Watching Dick Cheney give a eulogy for 'Dubya' was impressive, too, as the editors sliced and diced pieces of dialogue from Ronald Reagon's funeral in with some later speeches used by the VP.

It was entertaining to see what Cheney might do if confronted with such a situation. The news media coverage of the events were believable and, probably, sadly accurate (on another plain of existence, that is). That they would seek out members of the Muslim faith in which to pin the assassination on would not surprise me in the slightest considering this administration's track record on such things. This is not a jab at their policies, per se, but only an overall view of how narrowminded the Bush administration is when it comes to international relations ("You're either with us or against us").

The only negative aspect to the film is that it's pretty slow. The only action is during demonstrations in Chicago (again, mocked) and the actual time of the assassination. The rest is dedicated to mock news footage and mockumentary style interviews with people who were affected (directly) by the assassination.

Still, this is an interesting "what-if" that'll spark some great discussions. My only concern might be that on August 19, 2007 some sick-o might take it upon himself to make this a reality. I hope all people realize that killing is wrong, regardless of how you feel about the person. This was simply a film designed to make you think about where we are in the world right now, not to take drastic measures into one's own hands."
Technically Brilliant, But A Too-Expected Plot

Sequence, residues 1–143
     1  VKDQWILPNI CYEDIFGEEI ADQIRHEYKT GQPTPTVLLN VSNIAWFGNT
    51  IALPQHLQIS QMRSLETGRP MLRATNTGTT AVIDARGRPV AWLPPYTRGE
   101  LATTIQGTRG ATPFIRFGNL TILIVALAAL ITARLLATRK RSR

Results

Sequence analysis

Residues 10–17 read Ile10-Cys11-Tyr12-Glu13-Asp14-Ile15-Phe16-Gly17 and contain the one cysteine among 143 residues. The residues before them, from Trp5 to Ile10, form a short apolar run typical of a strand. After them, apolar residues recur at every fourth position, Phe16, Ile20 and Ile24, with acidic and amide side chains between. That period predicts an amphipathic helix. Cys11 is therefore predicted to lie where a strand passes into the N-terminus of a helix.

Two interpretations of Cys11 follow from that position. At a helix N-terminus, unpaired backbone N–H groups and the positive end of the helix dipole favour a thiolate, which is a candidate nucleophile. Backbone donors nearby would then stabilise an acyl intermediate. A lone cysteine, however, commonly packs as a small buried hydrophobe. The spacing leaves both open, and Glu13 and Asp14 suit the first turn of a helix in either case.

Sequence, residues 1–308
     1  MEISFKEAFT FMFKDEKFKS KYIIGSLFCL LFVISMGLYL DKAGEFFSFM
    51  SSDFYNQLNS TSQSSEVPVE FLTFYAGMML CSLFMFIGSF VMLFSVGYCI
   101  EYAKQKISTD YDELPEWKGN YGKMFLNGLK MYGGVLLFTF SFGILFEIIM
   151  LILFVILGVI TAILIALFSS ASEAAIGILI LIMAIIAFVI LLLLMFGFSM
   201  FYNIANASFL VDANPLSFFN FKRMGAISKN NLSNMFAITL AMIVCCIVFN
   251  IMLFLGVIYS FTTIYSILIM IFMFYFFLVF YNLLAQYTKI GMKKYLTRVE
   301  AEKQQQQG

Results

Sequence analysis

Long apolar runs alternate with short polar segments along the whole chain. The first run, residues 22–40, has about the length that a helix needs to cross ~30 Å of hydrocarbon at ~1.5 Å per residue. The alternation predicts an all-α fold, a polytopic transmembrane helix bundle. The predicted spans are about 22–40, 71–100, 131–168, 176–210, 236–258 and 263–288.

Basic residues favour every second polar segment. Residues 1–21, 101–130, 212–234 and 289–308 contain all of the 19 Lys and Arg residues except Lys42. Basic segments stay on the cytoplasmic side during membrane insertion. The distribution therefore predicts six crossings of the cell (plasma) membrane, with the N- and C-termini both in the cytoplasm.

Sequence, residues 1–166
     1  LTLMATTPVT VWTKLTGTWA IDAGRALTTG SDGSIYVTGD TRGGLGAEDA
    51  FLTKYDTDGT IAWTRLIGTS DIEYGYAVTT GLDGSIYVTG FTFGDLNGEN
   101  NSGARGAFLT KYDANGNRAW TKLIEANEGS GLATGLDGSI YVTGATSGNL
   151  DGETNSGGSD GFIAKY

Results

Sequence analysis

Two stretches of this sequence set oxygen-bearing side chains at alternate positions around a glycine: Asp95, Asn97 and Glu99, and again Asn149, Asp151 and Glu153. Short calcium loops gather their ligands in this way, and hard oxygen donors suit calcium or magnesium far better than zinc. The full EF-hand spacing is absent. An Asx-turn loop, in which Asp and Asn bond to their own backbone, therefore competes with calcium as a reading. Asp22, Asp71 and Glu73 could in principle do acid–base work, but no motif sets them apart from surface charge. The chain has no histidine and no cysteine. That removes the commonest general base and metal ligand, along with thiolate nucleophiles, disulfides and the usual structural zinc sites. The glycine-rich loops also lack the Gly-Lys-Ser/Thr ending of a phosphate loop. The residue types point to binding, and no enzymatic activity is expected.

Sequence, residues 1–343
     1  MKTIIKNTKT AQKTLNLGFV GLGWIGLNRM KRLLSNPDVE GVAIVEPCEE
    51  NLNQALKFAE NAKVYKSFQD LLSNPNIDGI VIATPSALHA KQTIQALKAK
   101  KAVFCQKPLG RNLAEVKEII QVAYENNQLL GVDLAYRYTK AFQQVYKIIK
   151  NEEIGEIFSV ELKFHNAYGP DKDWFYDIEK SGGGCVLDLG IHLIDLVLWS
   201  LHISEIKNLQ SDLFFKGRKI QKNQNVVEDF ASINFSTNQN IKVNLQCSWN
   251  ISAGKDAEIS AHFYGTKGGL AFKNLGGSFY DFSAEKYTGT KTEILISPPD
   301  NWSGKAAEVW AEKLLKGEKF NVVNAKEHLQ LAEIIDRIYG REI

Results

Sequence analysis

Scot Carr | Massachusetts USA | 04/06/2007
(3 out of 5 stars)

"The problem with a fictionalized documentary is how difficult it can be to keep the topic and persons depicted relevant when it takes place in a "future" that never happened. I'm not a technical nit-picker, but when people who are really gone now show up in a film depicting events from this upcoming October, it can be a bit jarring. This is a small thing. The fact that the Democratic party is making the war that much harder an issue for the President than now than I'd believe they would be "then" is much harder. This sums up the great flaw in this picture - the fact that America is more than a little awake enough to block even more draconian laws which may be suggested in the face of an assassinated executive.

In truth, "Death of a President" is captivating in its approach. Technically, it is dazzling as well. We've seen this footage before, but when "reconcepted," reality is much more jarring. How its done is well covered in one of the extras on the DVD - they list it as "interviews," but actually it's a mini behind-the-scenes featurette, but it does have a feel of reality when watched on the television. It was, after all, a made-for-TV movie in England. The film plays better that way rather than on the big screen. I only wish it had been criticized here for that rather than on the conceit, because it shoudl've been measured on merit alone. Americans, it seems, are a little too sensitive for cutting edge "reality fiction."